• Derived from: Buddhist and Hindu teachings (Kundalini is Sanskrit for "coiled")
  • Goal(s): To focus on breathing and awaken your dormant energy. It is also possible to experience an altered state of consciousness. It's an upwards form of meditation.
  • How to do it: Sit up with proper posture engaging your core and palms touching each other as though you're praying. The breathing pattern is fairly basic. Inhale in four short breaths and exhale in the same way. You can also chant a simple mantra if you'd like. WikiHow describes 3 different ways to do Kundalini.    


  • Derived from: Buddhist techniques. An otherwise new style of meditation that draws inspiration from Buddha.
  • Goal(s): To imagine positive experiences that will then lead to the induction of "feel good" chemicals such as dopamine. Helps with stress and personal development as well as spiritual healing.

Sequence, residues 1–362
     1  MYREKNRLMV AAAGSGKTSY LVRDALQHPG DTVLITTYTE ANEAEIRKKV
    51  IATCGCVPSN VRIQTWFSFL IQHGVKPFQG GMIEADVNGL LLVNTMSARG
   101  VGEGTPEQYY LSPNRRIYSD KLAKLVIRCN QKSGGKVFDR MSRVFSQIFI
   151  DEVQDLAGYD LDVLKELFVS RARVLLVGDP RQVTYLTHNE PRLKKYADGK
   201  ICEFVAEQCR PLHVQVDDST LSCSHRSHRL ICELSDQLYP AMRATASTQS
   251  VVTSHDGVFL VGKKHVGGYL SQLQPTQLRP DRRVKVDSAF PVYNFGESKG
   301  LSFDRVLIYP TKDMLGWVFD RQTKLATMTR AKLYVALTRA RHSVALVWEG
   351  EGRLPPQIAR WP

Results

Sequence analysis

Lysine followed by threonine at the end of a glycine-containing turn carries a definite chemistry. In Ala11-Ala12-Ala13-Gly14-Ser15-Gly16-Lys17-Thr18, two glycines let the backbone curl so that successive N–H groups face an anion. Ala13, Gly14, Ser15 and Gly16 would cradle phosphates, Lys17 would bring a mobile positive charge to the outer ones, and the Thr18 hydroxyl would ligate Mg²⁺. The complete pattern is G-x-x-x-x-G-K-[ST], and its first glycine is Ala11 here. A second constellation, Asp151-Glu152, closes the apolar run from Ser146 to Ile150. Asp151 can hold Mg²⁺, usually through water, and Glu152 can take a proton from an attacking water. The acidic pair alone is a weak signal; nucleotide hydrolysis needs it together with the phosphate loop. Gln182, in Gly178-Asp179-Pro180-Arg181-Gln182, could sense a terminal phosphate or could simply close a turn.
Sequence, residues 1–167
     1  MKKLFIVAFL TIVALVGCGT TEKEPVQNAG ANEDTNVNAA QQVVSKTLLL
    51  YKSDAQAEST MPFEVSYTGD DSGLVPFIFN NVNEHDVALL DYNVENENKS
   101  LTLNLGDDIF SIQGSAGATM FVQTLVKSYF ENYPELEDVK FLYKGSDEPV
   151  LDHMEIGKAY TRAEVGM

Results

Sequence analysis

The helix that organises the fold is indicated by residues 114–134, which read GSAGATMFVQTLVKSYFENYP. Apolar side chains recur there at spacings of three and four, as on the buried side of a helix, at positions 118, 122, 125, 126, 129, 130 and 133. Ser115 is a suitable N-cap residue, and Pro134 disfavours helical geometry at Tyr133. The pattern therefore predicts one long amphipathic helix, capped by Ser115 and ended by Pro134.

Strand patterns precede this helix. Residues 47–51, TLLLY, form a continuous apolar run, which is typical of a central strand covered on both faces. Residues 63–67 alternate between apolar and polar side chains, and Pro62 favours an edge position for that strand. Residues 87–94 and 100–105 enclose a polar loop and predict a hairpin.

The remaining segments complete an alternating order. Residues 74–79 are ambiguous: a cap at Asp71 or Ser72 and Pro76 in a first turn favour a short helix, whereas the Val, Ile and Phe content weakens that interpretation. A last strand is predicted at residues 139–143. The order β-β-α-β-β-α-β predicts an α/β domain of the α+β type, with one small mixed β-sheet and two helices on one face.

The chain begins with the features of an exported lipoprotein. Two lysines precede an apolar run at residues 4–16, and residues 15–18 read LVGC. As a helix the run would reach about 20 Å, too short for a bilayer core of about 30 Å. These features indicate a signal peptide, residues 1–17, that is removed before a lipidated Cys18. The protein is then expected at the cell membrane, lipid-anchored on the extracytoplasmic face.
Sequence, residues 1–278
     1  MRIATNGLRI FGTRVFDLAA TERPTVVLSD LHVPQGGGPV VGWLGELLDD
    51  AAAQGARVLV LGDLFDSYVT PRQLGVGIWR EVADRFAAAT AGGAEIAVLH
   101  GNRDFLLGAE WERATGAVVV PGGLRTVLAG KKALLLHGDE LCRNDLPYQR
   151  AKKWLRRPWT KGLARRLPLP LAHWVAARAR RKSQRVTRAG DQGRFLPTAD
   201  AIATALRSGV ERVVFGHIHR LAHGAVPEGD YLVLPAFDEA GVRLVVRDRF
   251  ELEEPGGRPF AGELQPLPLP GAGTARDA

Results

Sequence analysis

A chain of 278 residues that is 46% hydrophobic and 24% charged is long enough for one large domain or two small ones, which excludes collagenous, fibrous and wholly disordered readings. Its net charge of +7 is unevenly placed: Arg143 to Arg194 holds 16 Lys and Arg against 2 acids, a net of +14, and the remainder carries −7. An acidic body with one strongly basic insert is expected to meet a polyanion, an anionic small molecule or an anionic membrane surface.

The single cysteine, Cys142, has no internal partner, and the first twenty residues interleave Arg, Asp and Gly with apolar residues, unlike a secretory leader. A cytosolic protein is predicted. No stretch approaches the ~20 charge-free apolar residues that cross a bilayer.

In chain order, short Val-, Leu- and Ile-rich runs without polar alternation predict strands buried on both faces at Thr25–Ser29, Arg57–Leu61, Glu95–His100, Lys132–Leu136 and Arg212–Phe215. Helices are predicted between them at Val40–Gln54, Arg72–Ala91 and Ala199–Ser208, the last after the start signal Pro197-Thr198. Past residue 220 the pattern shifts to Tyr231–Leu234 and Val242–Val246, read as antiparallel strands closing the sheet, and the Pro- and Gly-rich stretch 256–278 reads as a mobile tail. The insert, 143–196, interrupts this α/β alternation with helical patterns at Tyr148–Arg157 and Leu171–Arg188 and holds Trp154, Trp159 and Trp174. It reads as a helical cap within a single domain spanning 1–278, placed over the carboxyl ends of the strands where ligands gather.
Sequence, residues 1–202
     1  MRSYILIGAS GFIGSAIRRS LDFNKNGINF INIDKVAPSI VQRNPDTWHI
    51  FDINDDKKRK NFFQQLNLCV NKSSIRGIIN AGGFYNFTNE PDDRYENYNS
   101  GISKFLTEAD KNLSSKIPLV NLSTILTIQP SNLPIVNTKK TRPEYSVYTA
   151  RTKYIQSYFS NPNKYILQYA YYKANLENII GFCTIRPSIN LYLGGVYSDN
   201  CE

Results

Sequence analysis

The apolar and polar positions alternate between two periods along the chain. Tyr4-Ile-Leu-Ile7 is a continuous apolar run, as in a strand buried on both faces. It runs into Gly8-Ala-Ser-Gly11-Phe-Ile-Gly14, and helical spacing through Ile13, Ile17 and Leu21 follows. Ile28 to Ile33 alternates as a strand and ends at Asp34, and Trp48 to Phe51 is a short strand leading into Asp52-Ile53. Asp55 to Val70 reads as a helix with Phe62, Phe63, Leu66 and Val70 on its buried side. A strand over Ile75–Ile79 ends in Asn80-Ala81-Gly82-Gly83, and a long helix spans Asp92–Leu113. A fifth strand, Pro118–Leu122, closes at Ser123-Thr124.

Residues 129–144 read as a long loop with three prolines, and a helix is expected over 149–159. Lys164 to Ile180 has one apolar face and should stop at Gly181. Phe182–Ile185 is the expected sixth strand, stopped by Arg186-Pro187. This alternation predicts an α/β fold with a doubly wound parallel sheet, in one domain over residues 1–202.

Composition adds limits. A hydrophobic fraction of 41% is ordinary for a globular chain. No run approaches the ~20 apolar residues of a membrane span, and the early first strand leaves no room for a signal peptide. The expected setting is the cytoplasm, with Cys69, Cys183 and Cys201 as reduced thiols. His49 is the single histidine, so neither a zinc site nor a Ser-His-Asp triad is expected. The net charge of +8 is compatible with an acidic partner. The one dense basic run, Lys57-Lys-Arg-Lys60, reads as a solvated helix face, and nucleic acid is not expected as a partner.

• How to do it: Sit up straight with the correct posture and close your eyes. Focus on your breathing for some time to get you into a meditative state. Then picture positive past experiences/ones you hope to have in the future. You can also picture yourself spending time with a person who puts you at ease such as a parent or your best friend. 

  • Derived from: Developed by Puran and Susanna Bair
  • Goal(s): To synchronize the body's circulatory and respiratory system in such a way that it provides a transcendental experience. 
  • How to do it: Sitting upright concentrate on breathing slowly and deeply. Think of what you want to get out of your session.  


  • Derived from: Zen Buddhism
  • Goal(s): To forget about all the judgmental thoughts and ideas you're brewing. Hopefully it will help you view the world in a more positive light. 
  • How to do it: Sit with a straight back and focus on breathing exercises. Steady your mind and fall into the rhythm of the breathing pattern.  Allow thoughts to emerge and assess them, do not muffle your ideas and visions.